447 Words | 2 Pages
  • Catcher in the rye - 981 Words
     Holden Caulfield is a teenage boy living in a society in which he believes to be full of hypocrites and "phonies". Everything with any connection to his life he believes to be a phony. From teachers to his friends, to people he does not even know. Holden always found some kind of a reason to give off the impression that he is superior because they are just fake. He is in belief that he is capable of understanding everything about a person just by looking at them and judging their first...
    981 Words | 3 Pages
  • Catcher in the Rye - 876 Words
    “The Element of Innocence” “I’d just be the catcher in the rye and all. I know it’s crazy, but that’s the only thing I’d really like to be.” (Salinger 173). Innocence can have an array of meanings. However, for Holden Caulfield, innocence means preserving the most important points in life, keeping them in a standstill form of art. The idea of innocence in Holden’s point of view is somewhat altered, leaving him to think that death of his brother, Allie, won’t be so hard to deal with if he...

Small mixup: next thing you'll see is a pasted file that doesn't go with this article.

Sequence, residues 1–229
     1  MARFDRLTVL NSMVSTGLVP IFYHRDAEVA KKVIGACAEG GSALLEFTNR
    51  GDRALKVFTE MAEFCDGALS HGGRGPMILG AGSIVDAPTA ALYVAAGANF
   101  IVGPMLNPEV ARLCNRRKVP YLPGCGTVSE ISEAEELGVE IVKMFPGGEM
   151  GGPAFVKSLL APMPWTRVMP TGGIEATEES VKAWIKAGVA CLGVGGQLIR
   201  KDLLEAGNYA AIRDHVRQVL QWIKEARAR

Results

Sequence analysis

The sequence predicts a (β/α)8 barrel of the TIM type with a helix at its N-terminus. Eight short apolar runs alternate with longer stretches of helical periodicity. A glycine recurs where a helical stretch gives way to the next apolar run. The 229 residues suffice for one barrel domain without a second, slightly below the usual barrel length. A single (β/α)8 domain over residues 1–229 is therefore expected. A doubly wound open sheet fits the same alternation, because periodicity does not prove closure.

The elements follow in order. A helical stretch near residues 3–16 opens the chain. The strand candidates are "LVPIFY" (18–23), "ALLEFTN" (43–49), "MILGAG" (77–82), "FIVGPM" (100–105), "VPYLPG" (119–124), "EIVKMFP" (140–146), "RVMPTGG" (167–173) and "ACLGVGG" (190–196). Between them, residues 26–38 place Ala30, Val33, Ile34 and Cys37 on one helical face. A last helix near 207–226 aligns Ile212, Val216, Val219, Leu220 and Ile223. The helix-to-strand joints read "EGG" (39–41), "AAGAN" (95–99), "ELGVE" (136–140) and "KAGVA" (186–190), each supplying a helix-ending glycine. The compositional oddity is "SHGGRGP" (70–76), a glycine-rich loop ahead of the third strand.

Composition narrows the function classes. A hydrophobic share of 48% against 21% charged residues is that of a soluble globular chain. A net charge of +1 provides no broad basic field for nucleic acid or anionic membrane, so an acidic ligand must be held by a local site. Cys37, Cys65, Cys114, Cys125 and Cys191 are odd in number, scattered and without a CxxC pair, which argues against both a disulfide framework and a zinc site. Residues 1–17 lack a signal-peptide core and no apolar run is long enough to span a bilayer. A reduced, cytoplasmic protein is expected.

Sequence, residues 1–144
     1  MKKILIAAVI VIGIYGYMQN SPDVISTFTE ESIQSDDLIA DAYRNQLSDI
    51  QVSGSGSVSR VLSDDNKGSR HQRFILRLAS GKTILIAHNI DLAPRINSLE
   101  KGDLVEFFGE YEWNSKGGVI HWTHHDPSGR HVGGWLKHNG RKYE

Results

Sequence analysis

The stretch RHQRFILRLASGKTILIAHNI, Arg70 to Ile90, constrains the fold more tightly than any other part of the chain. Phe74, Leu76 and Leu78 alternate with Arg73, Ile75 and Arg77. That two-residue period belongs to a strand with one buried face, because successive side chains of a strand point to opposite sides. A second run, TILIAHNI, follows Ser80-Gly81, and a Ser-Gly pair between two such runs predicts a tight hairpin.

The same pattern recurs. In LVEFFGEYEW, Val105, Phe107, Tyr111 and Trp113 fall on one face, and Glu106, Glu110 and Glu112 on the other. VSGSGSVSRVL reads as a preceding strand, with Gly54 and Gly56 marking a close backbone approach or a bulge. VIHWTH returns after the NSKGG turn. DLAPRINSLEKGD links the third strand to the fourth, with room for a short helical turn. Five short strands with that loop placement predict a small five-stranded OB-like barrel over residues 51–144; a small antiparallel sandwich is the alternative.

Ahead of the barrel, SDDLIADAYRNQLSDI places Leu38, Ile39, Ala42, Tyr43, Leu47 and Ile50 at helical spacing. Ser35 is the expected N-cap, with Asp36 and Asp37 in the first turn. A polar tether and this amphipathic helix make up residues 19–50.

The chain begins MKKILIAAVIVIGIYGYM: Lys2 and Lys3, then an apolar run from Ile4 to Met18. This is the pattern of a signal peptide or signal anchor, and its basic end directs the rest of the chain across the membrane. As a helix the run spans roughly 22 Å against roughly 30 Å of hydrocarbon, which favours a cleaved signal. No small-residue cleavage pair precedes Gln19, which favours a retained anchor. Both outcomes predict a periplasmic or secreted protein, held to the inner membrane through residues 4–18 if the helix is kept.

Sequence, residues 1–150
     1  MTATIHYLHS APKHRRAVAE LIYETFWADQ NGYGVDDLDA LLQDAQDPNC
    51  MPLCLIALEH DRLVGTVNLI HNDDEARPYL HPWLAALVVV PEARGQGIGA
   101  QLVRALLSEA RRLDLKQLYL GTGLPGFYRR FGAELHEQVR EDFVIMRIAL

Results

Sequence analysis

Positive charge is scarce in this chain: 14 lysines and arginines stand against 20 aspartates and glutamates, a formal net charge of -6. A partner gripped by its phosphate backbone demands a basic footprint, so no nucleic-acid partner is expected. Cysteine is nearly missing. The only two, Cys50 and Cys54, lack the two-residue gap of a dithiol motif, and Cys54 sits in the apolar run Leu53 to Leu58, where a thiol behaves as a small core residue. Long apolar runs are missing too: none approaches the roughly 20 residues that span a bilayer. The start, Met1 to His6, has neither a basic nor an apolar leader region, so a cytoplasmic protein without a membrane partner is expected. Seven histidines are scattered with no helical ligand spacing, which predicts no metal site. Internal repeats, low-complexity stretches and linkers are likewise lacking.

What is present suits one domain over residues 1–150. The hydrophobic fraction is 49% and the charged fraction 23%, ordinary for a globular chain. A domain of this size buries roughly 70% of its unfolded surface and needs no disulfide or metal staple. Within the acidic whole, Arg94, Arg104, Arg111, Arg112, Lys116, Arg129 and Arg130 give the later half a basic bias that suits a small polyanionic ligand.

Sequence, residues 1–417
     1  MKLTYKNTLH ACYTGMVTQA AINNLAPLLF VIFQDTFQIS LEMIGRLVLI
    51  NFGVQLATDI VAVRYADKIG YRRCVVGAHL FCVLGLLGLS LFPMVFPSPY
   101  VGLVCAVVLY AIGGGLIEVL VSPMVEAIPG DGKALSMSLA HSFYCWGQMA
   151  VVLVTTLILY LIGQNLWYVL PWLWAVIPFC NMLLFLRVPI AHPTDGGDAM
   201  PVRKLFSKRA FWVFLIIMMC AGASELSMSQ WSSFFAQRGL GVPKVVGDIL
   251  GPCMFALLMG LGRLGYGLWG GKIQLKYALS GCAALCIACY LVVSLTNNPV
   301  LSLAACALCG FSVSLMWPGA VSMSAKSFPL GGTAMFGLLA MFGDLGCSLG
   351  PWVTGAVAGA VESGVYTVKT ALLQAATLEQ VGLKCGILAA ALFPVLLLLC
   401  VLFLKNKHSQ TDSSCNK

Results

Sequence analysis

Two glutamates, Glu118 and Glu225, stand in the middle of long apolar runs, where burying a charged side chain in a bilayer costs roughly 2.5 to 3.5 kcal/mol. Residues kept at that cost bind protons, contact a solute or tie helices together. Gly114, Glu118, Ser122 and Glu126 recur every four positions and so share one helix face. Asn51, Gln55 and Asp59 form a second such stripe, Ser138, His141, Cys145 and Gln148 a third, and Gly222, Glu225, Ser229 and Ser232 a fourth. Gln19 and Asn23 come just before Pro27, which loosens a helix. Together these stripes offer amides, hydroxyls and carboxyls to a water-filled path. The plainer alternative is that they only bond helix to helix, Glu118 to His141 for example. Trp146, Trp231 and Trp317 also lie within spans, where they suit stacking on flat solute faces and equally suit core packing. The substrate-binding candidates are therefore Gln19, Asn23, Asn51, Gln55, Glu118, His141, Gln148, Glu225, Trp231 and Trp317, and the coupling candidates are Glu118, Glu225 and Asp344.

876 Words | 2 Pages
  • The Catcher in the Rye - 743 Words
    The narrator of the Catcher in the Rye, Holden Caulfield, describes his departure from his school Pency Prep as follows: “What I was really hanging around for, I was trying to feel some kind of a good-bye. I mean I’ve left schools and places I didn’t even know I was leaving them. I hate that. I don’t care if it’s a sad good-bye or a bad good-bye, but when I leave a place I like to know I’m leaving it. If you don’t, you feel even worse.” When analysing this text and reading through the...
    743 Words | 2 Pages
  • Catcher in the Rye - 1141 Words
    "You ought to go to a boy's school sometimes. Try it sometime," I said. "It's full of phonies, and all you do is study so that you can learn enough to be smart enough to be able to buy a goddam Cadillac some day, and you have to keep making believe you give a damn if the football team loses, and all you do is talk about girls and liquor and sex all day, and everybody sticks together in these dirty little goddam cliques. The guys that are on the basketball team stick together, the goddam...